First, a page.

Meet the Trail Community: Trail Runner
Ultra-runner Krissy Moehl reflects on what she gets out of being on trail, whether she's walking or running.
For WTA's 50th Anniversary, we're highlighting trail users across Washington state. Hear what hiking means to them, and the future of their on-trail pursuits.
Sixteen years ago, professional ultra-runner Krissy Moehl went on her very first trail run with Scott Jurek and Scott McCoubrey. When they got back ten miles later covered in mud, Krissy knew she’d found her passion.
“I had always been a runner, but that day totally sealed the deal for me on trail running.”
She had been working at Seattle Running Company with the two Scotts when they invited her on the run. Formerly an 800-meter runner in high school and college, Krissy was interested in this new pastime.
“Up to that point, I had spent most of my life putting energy into being a runner. On that first trail run, I felt the energy coming back to me in the places I was traveling through. As I continued running, that energy returned to me through the new places I visited and the people who are engaged in the sport. Running felt more sustainable after I found trails.”
For Krissy, running became like meditation.
“There aren’t many issues that a long run can’t solve," she says. "Some runs just need to be longer than others. Trail running gives me the headspace to work through things that don’t seem to make sense, and the perspective that I need to help figure things out.”
Hiking, running and setting records
After more than ten years of racing competitively, running opened her eyes to a new way to explore herself and her terrain. Fastest known times (FKT) are Krissy’s newest goal. She revels in the differences between running a trail and hiking it.
“People sometimes say you’re not experiencing the trails ‘correctly’ if you’re trying for an FKT, but I feel like they’re just two different experiences. I hike trails, and I run them, too.”
Last June, she hiked the Tahoe Rim Trail over seven days (not a leisurely pace by most standards except her own). The pace allowed her to stop whenever she wanted, take in views and snap pictures. She spent six nights camping on the lake, and let herself stop in her tracks when she saw something beautiful.
Three months later, she returned and set the record for completing the TRT in less than two days. “When I only had 13 miles to the finish and saw the entire lake, I had this dual appreciation. I remembered how hard it had been to hike it in seven days and compared it to the experience of running it in two days. Having those two experiences in the landscape in different ways really felt like a gift.”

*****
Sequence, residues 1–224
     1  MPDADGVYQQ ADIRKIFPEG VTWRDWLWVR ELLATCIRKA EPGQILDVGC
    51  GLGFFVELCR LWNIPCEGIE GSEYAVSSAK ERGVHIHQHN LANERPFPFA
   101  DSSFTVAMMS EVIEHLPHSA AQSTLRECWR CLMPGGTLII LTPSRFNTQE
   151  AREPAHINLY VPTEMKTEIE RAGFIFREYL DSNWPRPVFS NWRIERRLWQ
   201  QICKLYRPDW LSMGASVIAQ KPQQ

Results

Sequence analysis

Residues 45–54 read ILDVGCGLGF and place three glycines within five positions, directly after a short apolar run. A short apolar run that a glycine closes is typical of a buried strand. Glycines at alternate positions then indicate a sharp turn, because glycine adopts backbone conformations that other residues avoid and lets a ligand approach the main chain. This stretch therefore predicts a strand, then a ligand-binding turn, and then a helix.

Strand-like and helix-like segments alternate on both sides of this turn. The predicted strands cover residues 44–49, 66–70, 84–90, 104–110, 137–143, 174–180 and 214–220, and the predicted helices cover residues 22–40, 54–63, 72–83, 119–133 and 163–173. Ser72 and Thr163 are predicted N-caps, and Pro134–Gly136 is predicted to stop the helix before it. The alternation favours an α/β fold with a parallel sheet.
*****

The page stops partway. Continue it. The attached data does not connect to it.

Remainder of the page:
Krissy is the race director for the Chuckanut 50K, a beloved event held in Bellingham on nearby Chuckanut Mountain. She is delighted to have so many people getting outside, but she firmly believes in stewardship: giving back to the places you love.
“Go do a volunteer day so when you’re out there you appreciate how much work went into a nicely maintained trail.”
She’s also passionate about Leave No Trace, and has carried that ethic into her role as race director.
“I don’t provide cups at the Chuckanut 50K—people have to provide all their own vessels, and if you litter, you could get disqualified.”
Finding your constant
“Running is my constant," Krissy says. "It’s the thing that’s seen me through everything in life. I feel really thankful that I found that. I know it’s not for everyone, but it’s important to find what yours is.”
Maybe your constant is trail running. Maybe it’s hiking. Maybe it’s something else entirely. But you won’t know if you don’t try!
- If you’d like to try trail running, Krissy just released a new book Running Your First Ultra, and leads a training group in Bellingham called Revolution Running Bellingham.
- If you just want to learn a little more about hiking, WTA has lots of resources to start you out on the right foot.
The WTA community is made up of all different kinds of people, who use trails in many different ways. Learn about how to join Washington Trails Association, and support a community that protects the trails we love.